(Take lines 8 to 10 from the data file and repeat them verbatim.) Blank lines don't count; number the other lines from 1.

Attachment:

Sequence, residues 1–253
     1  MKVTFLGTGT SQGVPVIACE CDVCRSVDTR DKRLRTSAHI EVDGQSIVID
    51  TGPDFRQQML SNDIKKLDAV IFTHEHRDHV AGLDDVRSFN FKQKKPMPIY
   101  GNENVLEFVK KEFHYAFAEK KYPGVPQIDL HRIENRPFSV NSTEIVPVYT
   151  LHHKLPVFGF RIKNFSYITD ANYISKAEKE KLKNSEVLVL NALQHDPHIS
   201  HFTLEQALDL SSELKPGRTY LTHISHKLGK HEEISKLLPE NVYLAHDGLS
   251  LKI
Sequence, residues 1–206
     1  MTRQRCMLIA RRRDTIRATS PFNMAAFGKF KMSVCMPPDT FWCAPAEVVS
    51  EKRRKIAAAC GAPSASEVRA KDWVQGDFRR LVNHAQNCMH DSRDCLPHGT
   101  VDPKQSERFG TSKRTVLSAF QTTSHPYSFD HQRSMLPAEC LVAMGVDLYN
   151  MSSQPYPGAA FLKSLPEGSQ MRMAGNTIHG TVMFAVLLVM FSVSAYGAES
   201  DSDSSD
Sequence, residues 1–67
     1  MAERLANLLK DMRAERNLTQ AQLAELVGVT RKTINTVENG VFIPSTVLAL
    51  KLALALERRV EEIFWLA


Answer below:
Sequence, residues 1–206
     1  MTRQRCMLIA RRRDTIRATS PFNMAAFGKF KMSVCMPPDT FWCAPAEVVS
    51  EKRRKIAAAC GAPSASEVRA KDWVQGDFRR LVNHAQNCMH DSRDCLPHGT